Put them behind on the scoreboard. Limit their time. Stack the odds in the opposition’s favor.
Players representing St. Thomas Academy or St. Michael-Albertville won’t flinch, duck or fold.
The Cadets (11-1) have trailed at halftime in three of four playoff games. The Knights (11-1) needed fourth-quarter comebacks in both state tournament victories.
Why not just start the Class 5A Prep Bowl game at 4 p.m. Saturday in overtime and see what magic happens? A victory gives either program its first Prep Bowl title.
“If you go back to our overtime game against Monticello to win the subdistrict, our kids have really strapped it on for more than a month now,” St. Michael-Albertville coach Jared Essler said. “These kids recognize the importance of every snap.”
Same goes for St. Thomas Academy, whose players were vocal all season about reaching their first state title game since 2006. Getting there gave them pause.
“On the bus ride back from Minnetonka after the state semifinal game, two of our seniors were sitting behind me,” Cadets coach Dave Ziebarth said. “One was rubbing his head, and I asked if he was hurt. He said, ‘No. I just can’t believe we did it.’ The other one said, ‘It’s not just words anymore. We’re here.’ ”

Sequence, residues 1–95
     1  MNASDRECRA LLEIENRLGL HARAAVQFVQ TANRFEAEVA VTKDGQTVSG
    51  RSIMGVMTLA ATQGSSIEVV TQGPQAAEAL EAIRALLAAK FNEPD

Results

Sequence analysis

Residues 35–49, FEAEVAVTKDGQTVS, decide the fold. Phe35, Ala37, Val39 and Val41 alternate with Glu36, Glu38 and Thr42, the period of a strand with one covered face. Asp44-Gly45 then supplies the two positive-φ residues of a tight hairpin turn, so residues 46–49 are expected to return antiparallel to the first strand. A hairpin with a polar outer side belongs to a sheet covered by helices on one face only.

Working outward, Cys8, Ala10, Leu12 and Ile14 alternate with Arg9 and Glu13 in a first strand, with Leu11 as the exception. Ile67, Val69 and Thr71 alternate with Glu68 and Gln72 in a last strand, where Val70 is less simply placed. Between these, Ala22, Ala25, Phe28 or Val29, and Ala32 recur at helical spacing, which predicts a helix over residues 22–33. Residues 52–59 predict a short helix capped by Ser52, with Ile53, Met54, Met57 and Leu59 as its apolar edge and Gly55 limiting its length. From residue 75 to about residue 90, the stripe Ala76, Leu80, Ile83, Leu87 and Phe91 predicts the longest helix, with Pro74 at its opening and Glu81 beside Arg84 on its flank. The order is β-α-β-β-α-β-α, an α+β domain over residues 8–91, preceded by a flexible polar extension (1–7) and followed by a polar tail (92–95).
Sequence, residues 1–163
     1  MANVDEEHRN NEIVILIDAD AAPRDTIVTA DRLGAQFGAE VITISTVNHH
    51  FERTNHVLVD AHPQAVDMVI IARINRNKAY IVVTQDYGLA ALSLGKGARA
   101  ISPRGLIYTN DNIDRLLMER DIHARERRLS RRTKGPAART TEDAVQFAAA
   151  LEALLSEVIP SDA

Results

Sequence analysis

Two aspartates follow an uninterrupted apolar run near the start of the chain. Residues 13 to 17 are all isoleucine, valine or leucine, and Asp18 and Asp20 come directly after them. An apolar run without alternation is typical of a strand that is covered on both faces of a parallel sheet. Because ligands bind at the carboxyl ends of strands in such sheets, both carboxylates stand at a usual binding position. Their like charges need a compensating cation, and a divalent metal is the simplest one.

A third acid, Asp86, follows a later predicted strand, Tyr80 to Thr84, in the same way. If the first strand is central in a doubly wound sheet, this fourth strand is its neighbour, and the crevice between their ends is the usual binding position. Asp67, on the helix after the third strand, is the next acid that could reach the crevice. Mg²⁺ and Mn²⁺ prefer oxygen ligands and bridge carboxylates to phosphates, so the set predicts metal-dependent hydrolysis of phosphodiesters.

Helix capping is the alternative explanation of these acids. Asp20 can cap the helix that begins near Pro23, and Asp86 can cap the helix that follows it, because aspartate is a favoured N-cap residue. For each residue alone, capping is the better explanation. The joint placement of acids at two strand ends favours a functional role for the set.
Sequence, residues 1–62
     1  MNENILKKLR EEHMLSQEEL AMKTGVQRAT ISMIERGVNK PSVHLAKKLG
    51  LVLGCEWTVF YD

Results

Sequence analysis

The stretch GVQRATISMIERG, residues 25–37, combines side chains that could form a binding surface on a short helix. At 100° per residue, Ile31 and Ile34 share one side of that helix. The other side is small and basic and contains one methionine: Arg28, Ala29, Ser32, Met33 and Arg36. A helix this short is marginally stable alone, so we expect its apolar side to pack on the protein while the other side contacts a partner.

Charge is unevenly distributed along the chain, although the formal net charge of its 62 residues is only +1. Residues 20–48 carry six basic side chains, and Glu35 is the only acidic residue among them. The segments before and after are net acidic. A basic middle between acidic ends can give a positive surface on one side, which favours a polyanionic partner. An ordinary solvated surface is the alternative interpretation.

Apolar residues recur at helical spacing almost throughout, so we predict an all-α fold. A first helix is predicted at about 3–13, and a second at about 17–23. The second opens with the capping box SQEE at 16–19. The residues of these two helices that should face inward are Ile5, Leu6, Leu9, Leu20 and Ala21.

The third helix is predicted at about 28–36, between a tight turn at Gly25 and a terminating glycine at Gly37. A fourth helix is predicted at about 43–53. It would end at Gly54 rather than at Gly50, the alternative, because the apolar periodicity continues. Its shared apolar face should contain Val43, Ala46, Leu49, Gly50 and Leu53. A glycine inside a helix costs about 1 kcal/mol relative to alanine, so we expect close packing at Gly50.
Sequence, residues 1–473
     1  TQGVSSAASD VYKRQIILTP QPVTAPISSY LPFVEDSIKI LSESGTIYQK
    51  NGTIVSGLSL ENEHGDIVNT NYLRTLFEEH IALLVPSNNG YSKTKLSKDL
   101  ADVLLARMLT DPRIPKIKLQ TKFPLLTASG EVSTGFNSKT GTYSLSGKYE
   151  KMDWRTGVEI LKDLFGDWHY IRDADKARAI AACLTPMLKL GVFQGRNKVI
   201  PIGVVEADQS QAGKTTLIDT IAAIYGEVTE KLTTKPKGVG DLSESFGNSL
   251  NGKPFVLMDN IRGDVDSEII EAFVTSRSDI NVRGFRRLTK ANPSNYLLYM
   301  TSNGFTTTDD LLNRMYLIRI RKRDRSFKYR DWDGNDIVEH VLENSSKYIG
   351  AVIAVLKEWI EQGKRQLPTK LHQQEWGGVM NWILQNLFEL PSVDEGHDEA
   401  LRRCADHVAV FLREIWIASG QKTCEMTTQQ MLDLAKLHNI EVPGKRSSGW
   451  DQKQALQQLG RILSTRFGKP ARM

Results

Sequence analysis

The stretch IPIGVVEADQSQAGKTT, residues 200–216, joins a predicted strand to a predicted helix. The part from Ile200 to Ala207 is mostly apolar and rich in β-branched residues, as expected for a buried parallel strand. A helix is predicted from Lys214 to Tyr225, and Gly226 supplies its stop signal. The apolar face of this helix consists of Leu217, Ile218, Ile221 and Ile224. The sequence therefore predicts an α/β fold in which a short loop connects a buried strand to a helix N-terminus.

Running back Sean McFadden took the starring role in the Cadets’ run-by-committee approach and surpassed 1,000 rushing yards. Andrew Tri and Tommy Dolan have shared quarterback duties. And TJ Wright and Jack Cordero have been active on defense.
Trailing Moorhead 14-10 as the fourth quarter began, the Cadets rallied to win. They gutted out a scoreless state quarterfinal game against North St. Paul, scoring a touchdown with 1:25 left. In the section playoffs, Hastings and Apple Valley saw halftime leads erased by the resilient Cadets.
“We make mistakes, but the kids don’t get down,’’ Ziebarth said. “They’ve really grown this year.”
St. Michael-Albertville started the season with one returning starter on offense. Essler focused on more than results.
“Our message was, ‘Win the day, on and off the field,’ ” Essler said. “I think it was freeing for kids to know they just have to worry about doing their job more than wins and losses.”
Building character proved vital. The Knights needed overtime to win their subdistrict title, a field goal with no time left to edge Spring Lake Park in the state quarterfinals, and a late comeback in the semifinals against Mankato West.
Receiver Isaiah Weston, the only veteran returning on offense, quarterback Jacob Veire and running backs Mitchell Kartes and Eric Sjelin provide a plethora of solid options.
They pushed the Knights, state semifinal losers the past two seasons, to their first Prep Bowl since 1999.
“There is an electricity,” said Essler, who reminded amped-up players earlier this week after practice, “Guys, the game isn’t until Saturday.”